Make the most important button look like it’s the most important one.
Put buttons in a sensible order.
Label buttons with what they do.
If users don’t want to do something, don’t have a button for it.
Make it harder to find destructive buttons.
Nothing particularly revolutionary there, right? Ever since the <button> tag arrived in HTML4, buttons haven’t been especially difficult to create. Despite this, it’s rather easy to find buttons that don’t comply with these basic best practices, so I’m going to dig into them a little deeper in this column. Read More
Do a Web search for UX best practices, and you’ll find well-written articles and blog posts about designing Web sites and mobile applications. They’ll be chock full of helpful examples and screenshots depicting ecommerce Web sites, social-media applications, and slick interaction paradigms. But you’ll be hard pressed to find any examples from industrial automation—especially near the top of the search results—because industrial-automation software is not consumer facing and sits well outside the consciousness of modern software users and designers alike. Those who are familiar with industrial-automation software commonly view this as a domain of control systems, processes, computers, and machines—things that aren’t human.
But industrial-automation software is more human facing than you might think. Think about the sheets you slept on last night. The soap you used in the shower this morning. The car you drove to work. The beer you plan to nurse on the front porch tonight. The diaper you’ll wrestle onto your toddler before putting her to bed. The roller coaster that will make you scream at the top of your lungs this weekend. People design the software that runs the machines and processes that mass produce these human-facing products for people. People are still a big part of the processes for manufacturing these goods. Read More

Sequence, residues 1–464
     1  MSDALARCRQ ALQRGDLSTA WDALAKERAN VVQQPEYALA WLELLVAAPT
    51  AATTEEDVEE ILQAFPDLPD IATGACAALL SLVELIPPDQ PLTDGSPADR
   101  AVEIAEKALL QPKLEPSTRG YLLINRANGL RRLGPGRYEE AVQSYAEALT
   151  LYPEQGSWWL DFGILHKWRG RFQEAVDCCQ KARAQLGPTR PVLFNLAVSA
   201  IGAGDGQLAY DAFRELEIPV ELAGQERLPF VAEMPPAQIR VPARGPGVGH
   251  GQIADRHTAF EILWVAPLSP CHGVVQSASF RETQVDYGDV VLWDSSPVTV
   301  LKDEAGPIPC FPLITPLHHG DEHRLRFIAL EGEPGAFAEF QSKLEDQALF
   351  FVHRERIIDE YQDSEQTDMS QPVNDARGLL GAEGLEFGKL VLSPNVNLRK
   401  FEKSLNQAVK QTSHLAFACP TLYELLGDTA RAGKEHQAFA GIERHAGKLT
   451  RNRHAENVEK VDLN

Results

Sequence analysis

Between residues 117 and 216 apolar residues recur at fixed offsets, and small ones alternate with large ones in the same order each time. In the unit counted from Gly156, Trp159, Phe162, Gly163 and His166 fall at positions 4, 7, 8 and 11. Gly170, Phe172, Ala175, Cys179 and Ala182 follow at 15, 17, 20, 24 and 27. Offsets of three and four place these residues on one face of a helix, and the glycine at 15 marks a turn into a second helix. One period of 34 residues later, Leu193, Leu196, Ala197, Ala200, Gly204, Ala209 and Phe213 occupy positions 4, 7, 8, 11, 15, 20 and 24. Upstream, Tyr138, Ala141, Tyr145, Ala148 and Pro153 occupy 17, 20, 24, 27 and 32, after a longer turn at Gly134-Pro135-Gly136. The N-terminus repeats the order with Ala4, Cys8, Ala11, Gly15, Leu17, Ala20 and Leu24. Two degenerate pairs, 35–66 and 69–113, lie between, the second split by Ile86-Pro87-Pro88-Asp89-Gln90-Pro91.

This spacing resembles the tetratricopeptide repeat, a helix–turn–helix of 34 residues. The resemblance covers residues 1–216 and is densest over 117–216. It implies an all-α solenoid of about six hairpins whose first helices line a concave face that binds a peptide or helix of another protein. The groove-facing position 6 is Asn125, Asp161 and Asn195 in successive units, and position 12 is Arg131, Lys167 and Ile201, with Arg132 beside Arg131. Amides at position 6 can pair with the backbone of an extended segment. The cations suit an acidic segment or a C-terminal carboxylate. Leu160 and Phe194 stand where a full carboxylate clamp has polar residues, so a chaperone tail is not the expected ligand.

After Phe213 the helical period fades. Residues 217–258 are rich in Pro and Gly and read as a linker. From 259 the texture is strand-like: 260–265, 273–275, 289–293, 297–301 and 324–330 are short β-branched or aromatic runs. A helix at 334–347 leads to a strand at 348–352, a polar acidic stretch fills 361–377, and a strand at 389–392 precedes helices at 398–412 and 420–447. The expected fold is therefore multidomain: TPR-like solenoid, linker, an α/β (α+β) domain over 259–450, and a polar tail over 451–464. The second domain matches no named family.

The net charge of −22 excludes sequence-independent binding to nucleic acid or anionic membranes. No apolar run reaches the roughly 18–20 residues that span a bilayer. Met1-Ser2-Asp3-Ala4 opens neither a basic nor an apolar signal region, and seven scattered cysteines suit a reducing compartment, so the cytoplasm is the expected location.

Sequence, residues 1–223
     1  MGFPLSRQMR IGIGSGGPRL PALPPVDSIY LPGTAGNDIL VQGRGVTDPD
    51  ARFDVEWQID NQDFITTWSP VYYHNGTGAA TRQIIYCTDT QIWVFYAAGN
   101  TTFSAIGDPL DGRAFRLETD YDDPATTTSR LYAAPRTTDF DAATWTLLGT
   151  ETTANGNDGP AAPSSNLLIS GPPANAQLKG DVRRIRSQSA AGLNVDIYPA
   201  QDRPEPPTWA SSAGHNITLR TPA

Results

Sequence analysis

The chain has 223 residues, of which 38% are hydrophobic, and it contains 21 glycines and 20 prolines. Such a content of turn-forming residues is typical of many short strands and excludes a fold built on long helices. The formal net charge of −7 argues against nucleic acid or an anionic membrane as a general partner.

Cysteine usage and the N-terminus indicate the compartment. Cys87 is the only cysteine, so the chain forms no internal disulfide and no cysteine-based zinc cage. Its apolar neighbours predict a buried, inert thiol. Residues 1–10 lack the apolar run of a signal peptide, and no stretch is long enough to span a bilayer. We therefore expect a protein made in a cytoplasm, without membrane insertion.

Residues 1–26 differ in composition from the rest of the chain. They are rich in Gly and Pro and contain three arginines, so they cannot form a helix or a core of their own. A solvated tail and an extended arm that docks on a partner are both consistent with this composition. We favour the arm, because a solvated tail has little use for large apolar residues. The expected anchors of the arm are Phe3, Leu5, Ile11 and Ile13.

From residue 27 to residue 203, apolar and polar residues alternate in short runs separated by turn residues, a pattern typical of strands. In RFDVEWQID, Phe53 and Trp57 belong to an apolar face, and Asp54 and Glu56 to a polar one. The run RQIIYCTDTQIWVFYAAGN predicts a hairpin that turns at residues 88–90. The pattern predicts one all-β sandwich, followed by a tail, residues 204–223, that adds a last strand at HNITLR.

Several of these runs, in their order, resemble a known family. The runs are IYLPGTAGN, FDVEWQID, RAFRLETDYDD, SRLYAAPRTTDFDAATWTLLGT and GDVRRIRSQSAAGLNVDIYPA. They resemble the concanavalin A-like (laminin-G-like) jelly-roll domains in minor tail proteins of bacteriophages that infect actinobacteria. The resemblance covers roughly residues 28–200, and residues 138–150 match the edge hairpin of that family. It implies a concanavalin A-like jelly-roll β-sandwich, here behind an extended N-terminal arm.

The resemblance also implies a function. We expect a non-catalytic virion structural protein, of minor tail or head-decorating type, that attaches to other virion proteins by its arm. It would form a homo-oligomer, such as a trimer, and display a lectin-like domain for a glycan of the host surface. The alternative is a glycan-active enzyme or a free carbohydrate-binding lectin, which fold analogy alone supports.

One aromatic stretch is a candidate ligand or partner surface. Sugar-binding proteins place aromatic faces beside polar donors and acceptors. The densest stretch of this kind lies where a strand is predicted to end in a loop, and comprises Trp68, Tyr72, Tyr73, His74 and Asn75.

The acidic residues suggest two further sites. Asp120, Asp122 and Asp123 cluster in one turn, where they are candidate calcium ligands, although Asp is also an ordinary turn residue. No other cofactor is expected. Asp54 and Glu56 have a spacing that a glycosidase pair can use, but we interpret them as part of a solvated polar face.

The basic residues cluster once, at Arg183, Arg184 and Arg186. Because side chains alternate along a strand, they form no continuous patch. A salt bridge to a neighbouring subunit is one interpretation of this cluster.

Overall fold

There’s no question that users will abandon any Web site or mobile app they don’t enjoy using. User experience is a key determinant of success or failure. Yet 73 percent of industry executives see user experience as one of the toughest challenges they face. Even well-funded sites and apps can fail to gain adoption without a good, user-focused design.
Some aspects of creating a quality user experience are obvious. For example, if users can’t figure out how to use your site, chances are high they’ll abandon your offering and look elsewhere. Likewise, the best product teams employ fleshed-out user personas to help them address each user’s specific needs.
But if you stopped there, you would be leaving out one of the most important—and hardest to define—components of a compelling user experience: user satisfaction. Read More